Various states, including the Baltic states, the Czech Republic, Belgium, and Denmark, have restricted or stopped the processing of certain types of entry documents for Russians following the outbreak of war in Ukraine. Latvia, Lithuania, and the Czechia have called for the ban on issuing visas to tourists which comes from Russia, at EU level. While Finland announced that the visas issued for Russians would be reduced by 90%; Latvia, Estonia and Lithuania have taken similar decisions. Already, Lithuania is one of the first countries to restrict issuing visas to Russian citizens.[8] The fact that they are border neighbors to Russia also has an effect on the decisions of these states.[9] In other words, Latvia, Lithuania, Estonia, Czechia, Denmark, Norway and Poland, which are among the Schengen Area countries, are the countries that support the ban on Russian tourists.[10] On the other hand, Germany does not support such a practice, stating that most of the tourists and immigrants fled the country because they did not support the current regime in Russia.[11]

Such a restriction is not unusual, except for the temporary travel bans imposed during the intense period of the Covid-19 outbreak. Approval of the ban, although unlikely, could be a move that will push Europe further into the corner. Currently, “maintenance” works on the Nord Stream-1 Pipeline increase the expectation that a “cold winter” will be experienced throughout the region. In this case, Russia’s response to the visa ban will be through energy issue.

The ban, of course, may lead to social unrest in Russia as well, and even to an increase in illegal entry into Europe. It can be predicted that the Russians, who cannot travel through most of the countries in the West, will try to go abroad through neighboring countries such as Belarus, Kazakhstan, Mongolia, China, and Georgia. This may lead to an increase in illegal activities and adversely affect the security dynamics in the region.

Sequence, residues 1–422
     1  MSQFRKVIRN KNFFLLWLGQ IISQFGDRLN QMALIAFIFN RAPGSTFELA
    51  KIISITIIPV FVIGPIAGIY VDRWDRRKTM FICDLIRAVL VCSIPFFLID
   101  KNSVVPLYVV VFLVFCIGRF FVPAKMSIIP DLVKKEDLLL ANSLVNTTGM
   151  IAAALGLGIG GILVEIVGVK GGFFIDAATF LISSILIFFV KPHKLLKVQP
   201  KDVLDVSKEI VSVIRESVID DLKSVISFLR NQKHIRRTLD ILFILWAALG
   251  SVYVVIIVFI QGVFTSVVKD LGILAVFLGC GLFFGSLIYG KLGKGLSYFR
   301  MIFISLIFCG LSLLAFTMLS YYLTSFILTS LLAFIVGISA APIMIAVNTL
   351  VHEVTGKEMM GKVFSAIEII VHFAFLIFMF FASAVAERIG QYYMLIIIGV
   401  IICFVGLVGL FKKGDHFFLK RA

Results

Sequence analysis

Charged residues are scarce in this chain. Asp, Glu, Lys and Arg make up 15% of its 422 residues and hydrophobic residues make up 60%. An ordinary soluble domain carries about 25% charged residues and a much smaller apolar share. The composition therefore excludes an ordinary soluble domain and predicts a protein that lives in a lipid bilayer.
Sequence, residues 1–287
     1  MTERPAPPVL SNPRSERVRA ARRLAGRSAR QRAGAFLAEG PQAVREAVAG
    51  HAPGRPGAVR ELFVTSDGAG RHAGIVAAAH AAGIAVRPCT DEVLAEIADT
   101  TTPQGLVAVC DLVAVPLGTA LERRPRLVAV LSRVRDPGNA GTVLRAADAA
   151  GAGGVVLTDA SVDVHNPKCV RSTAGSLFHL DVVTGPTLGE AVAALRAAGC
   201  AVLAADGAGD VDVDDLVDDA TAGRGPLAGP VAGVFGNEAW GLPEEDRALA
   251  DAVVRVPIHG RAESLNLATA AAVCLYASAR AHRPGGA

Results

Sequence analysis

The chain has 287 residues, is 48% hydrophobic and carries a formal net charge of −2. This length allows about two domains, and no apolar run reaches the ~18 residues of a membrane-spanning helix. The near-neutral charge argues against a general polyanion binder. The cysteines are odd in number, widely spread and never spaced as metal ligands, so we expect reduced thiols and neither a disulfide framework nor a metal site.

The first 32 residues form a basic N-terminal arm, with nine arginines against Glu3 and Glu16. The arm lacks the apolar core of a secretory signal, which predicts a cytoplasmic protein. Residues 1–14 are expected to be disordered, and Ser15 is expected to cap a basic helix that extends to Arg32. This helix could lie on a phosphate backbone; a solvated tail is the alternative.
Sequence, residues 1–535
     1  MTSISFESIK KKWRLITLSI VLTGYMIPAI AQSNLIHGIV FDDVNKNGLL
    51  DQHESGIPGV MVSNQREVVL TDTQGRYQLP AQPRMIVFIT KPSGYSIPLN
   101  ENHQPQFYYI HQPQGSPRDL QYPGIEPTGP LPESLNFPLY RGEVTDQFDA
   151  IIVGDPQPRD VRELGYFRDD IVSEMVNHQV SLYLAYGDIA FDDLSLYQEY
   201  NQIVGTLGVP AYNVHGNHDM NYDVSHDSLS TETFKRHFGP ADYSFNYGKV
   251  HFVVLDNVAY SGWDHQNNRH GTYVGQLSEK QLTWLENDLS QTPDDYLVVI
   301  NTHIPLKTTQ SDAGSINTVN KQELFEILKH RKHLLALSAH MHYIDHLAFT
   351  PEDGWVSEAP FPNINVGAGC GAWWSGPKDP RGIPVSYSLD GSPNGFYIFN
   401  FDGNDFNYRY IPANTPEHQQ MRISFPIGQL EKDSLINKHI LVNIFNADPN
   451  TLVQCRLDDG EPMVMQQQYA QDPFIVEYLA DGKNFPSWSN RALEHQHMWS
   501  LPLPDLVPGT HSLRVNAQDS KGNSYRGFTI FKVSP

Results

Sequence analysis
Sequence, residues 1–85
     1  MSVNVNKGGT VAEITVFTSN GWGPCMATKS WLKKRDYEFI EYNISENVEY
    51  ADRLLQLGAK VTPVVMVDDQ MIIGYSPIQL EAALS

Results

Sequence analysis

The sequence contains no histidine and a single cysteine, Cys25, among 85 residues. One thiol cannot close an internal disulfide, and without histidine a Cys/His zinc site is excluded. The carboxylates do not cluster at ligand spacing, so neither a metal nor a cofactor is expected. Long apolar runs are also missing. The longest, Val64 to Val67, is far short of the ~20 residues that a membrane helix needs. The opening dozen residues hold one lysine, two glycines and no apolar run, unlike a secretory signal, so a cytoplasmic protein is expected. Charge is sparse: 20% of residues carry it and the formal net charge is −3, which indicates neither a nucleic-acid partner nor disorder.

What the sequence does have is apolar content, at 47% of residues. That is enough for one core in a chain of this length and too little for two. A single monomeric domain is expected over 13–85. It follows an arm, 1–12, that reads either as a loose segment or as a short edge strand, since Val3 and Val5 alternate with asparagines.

In conclusion, the EU’s approval of the visa ban is not positive; can create a negative environment. Although the visa means a diplomatic relationship and a contract, the ban in question targets the Russian people rather than the Moscow administration. This, in turn, may increase anti-Europeanism in Russian society. Moreover, such a ban could have the effect of confirming Russian President Vladimir Putin’s rhetoric based on the European racism argument. So not the one who ended the war; prolonging results may occur. In addition to all these, it is possible that the tension between the Russians living in Europe and the peoples of the countries they live in may increase. Therefore, it can be said that the possible ban decision is not rational for the union. Moreover, it can be argued that the ban would contradict the EU’s image in the international arena.

[1] “EU to Discuss Visa Restrictions for EU Citizens at End of August”,,, (Date of Accession: 21.08.2022).

[2] Ibid.

[3] Ibid.

[4] “Zelensky Calls on West to ban all Russian Travelers”, Washington Post,, (Date of Accession: 21.08.2022).

[5] “Four Czechs, Two Russians, Ukrainian Arrested for Alleged Espionage in Albania”, Euronews,, (Date of Accession: 21.08.2022).

[6] “EU Looks to Russian Tourist Visa Ban as Means to Help End Ukraine War”, Anadolu Agency,, (Date of Accession: 22.08.2022).

[7] Ibid.

[8] “These EU&Schengen Countries Support an Entry Ban on Russian Tourists So Far”, Schengen Visa Info,, (Date of Accession: 22.08.2022).

[9] “Russians Scramble for Visas as EU Mulls Travel Restrictions”, The Moscow Times,, (Date of Accession: 21.08.2022).

[10] “These EU&Schengen…”, a.g.m.

[11] “European countries introduce bans on the movement of Russians”, Visit Ukraine,, (Date of Accession: 23.08.2022).

Cemre Çağla ATAMER
2017 yılında Aydın Adnan Menderes Üniversitesi İktisadi ve İdari Bilimler Fakültesi Uluslararası İlişkiler Bölümü’nden mezun olan ve 2020 yılında aynı üniversitenin Sosyal Bilimler Enstitüsü Uluslararası İlişkiler yüksek lisans programından “Latin Amerika’da Entegrasyon Çabaları: AB ile Karşılaştırmalı Bir Analiz” teziyle uzmanlığını alan Cemre Çağla Atamer, 2021 yılında Ankara Üniversitesi Sosyal Bilimler Enstitüsü Latin Amerika Çalışmaları Anabilim Dalı’nda ikinci yüksek lisans programına başlamıştır. Halihazırda yüksek lisans eğitimine devam eden Atamer, iyi derecede İngilizce ve başlangıç seviyesinde İspanyolca bilmektedir.